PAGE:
This week Andrew has taken you through the options that most people wanting a TAG Heuer Monaco have to ask themselves – do I choose the blue Calibre 12 or the blue Calibre 11? However, the choice of a Monaco hasn’t always been this simple, as the brand has made a range of special and limited-edition models over the years. Some of these you will know. For example, the Gulf Monaco series and the heritage Calibre 11 models, offered with a grey or silver dial.
Today we’re going to show you something different, with three Monaco models that we know you don’t know. Each of these date back to the first Monaco series in the late 1990s, early 2000s. The Monaco was brought back to life by TAG Heuer in 1998 after more than 20 years out of production. That 1998 design still forms the base for today’s Monaco (although the case has grown by one millimetre). And for those of you who see a Hublot influence in today’s Carrera Heuer-01 range, you might be interested to know that the designer of the 1998 Monaco Re-edition was none other than Miodrag Mijatovic, known universally as Mijat. His other famous watch design? The Hublot Big Bang.
But we digress. Andrew has helped you decide which 2017 Monaco is right for you, so let me now show you three rare Monacos and who should consider searching for these back-catalogue gems.
The 1999 Heuer Monaco Monaco Grand Prix Edition
The first Monaco on our list dates back to 1999, when TAG Heuer produced a limited run of 120 watches for that year’s Monaco Formula One Grand Prix. Sporting the historic “Heuer” shield, the Monaco GP edition has the text “Grand Prix Monaco 1999” across the top of the dial as well as chequered=flag patterning beneath the 3 and 9 o’clock registers. The watch is based on the 1999 second-generation Monaco re-edition, which was offered with a black dial and later – but this time with a TAG Heuer logo – a silver dial.
Who should choose this Monaco: McLaren fans. Younger readers might find this hard to believe, but back in 1999, McLaren-Mercedes was the team to beat, with “The Flying Finn” Mika Hakkinen sporting a period-correct TAG Heuer 6000. No, he didn’t win the 1999 Monaco Grand Prix, but he did win the world title that year to add to his 1998 World Championship. With this watch you can claim that you were there in Monaco when Hakkinen botched his pole-position start, only to see him fight his way back onto the podium behind Michael Schumacher’s Ferrari.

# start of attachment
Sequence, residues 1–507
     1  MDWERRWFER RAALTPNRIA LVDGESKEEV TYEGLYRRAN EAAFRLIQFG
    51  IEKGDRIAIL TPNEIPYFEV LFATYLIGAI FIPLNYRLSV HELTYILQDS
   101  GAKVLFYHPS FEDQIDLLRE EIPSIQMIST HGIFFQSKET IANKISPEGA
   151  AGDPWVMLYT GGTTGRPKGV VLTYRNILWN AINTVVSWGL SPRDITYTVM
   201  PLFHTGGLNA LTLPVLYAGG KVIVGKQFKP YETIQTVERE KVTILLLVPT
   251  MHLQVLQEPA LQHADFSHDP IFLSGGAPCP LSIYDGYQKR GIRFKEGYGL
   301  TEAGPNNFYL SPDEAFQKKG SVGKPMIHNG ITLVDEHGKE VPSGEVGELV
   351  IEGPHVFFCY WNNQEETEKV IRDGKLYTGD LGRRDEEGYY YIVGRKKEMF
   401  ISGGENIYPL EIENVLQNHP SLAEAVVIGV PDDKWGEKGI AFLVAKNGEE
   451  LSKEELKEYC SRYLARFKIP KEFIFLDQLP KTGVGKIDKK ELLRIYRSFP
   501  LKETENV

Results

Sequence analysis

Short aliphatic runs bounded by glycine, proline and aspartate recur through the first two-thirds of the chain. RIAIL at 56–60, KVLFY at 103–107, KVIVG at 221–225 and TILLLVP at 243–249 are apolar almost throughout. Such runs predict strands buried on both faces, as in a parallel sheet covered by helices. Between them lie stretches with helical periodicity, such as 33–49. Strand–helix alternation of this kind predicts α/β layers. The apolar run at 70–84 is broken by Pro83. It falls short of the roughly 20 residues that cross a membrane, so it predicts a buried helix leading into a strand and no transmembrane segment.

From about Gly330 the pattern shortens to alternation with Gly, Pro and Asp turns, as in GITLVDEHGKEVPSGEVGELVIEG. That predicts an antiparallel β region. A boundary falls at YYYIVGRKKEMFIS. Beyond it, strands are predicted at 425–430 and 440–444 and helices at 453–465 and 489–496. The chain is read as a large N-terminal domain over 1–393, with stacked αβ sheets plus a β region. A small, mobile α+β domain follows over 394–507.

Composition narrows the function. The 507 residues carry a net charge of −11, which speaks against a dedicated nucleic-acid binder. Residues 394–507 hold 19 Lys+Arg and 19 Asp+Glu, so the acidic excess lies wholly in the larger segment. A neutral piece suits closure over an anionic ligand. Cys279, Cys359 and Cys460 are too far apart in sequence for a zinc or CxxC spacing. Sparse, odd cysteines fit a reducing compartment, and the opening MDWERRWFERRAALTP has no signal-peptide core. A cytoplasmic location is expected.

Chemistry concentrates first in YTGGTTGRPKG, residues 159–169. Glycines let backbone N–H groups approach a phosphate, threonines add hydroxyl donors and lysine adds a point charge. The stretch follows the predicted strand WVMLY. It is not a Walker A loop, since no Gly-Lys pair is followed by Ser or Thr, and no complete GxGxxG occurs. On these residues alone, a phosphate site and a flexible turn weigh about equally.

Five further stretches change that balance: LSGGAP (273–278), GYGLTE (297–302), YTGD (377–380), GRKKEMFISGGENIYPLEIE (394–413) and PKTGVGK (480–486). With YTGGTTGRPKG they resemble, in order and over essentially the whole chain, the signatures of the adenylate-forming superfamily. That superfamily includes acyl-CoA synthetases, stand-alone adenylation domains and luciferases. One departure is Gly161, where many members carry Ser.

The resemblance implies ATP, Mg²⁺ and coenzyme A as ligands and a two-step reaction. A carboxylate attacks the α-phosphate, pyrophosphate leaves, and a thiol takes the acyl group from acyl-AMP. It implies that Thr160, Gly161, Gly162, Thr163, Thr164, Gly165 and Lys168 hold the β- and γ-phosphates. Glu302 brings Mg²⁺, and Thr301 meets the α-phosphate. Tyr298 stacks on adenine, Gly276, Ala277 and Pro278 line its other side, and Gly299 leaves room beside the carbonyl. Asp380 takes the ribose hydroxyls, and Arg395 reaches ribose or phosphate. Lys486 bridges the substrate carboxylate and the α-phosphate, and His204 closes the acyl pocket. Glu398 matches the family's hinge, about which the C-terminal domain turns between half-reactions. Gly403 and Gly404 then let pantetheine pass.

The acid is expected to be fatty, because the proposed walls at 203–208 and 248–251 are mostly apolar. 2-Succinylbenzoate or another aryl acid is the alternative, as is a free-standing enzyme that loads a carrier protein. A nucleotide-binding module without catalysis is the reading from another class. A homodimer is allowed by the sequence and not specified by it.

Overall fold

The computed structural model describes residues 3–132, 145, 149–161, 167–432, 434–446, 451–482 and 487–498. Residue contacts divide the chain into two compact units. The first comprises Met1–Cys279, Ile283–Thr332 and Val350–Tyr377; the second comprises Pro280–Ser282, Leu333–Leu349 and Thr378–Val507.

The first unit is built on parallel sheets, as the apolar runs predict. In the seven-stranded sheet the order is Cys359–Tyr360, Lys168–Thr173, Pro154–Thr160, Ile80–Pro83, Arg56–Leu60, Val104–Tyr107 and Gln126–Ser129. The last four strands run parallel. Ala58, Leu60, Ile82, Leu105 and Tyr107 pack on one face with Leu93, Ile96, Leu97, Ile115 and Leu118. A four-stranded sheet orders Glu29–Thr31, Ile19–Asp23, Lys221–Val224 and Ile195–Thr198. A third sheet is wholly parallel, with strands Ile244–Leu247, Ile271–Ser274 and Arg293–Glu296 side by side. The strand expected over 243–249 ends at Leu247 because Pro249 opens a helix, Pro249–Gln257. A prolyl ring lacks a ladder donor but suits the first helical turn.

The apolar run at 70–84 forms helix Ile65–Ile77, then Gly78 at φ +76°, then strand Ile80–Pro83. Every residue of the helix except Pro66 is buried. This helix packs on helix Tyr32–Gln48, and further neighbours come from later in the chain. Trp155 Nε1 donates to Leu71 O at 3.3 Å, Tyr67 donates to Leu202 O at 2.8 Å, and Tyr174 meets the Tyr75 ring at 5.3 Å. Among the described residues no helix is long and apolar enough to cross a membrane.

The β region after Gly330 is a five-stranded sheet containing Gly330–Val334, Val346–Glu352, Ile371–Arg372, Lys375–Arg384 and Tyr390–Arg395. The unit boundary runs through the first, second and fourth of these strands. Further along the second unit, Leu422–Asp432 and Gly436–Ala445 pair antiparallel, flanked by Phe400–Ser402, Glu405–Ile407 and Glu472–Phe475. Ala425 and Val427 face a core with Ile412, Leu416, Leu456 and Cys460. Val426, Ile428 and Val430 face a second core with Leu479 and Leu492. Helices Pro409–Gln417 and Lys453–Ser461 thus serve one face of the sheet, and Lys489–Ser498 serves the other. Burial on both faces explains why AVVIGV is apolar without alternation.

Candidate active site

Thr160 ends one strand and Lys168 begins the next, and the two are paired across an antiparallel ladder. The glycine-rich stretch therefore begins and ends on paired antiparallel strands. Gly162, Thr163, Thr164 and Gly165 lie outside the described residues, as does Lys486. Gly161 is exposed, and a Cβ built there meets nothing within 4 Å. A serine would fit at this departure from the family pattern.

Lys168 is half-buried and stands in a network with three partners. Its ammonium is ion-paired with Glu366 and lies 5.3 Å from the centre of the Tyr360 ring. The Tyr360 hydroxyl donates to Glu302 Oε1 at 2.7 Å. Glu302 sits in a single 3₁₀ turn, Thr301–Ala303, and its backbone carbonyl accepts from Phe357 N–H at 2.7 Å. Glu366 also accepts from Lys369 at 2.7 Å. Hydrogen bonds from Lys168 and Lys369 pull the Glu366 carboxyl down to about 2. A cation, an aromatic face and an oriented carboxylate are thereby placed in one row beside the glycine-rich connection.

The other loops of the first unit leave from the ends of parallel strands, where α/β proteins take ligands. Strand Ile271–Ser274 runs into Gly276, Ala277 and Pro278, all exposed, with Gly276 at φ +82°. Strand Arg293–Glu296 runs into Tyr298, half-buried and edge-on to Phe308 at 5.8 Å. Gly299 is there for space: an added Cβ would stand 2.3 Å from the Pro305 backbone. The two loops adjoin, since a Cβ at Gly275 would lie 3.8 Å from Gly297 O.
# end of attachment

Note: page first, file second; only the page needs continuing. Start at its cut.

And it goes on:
The 2001 Heuer Monaco for Ferret Cote d’Azur
Next on our list of little-known Monaco chronographs is this beautiful “2001” dial model, made exclusively for the Cote d’Azur jeweller Ferret. This is the only time that the silver-dial Monaco from this era appeared with a Heuer logo, and we love the black Heuer shield set against the bright-red “2001” and “Monaco” text. This watch is based on the same Calibre 17 model as the Monaco GP edition but offers a more sophisticated and understated appearance.
Who should choose this Monaco: International playboys. Let the tourists go to Monaco for their holiday photos: the real old money stays on the French side of the Monegasque border. Your watch may say Monaco, but you can explain that you bought this particular model (of which only 200 were made) in your preferred Riviera destination, Saint-Jean-Cap-Ferrat.
The 2005 TAG Heuer Monaco Jean Edition Crystal Corals by Vincent Dupontreué
In 2005, TAG Heuer decided to really push the boat out with the Monaco, releasing a series of fashion-forward designs aimed at women. The most, um, startling of which was this “Jean Edition” designed by Vincent Dupontreué, at the time a fashion designer with his own eponymous brand. He clearly enjoyed the experience, because in 2010 Dupontreué left the fashion business and founded his own watch company, Breva Genève.
The dial is a work of art, with its sunray pattern over a blue mother-of-pearl base. The bright-red hand looks fantastic. We’re not so sure about the denim strap with its coral motif.
Who should choose this Monaco: Back in 2005 we would have said that this was a Monaco for the ladies, but we’re a dozen years more progressed socially these days, so let’s instead say that anyone looking for a classic blue dial/red chronograph hand Monaco – but with a fashion twist – should look no further.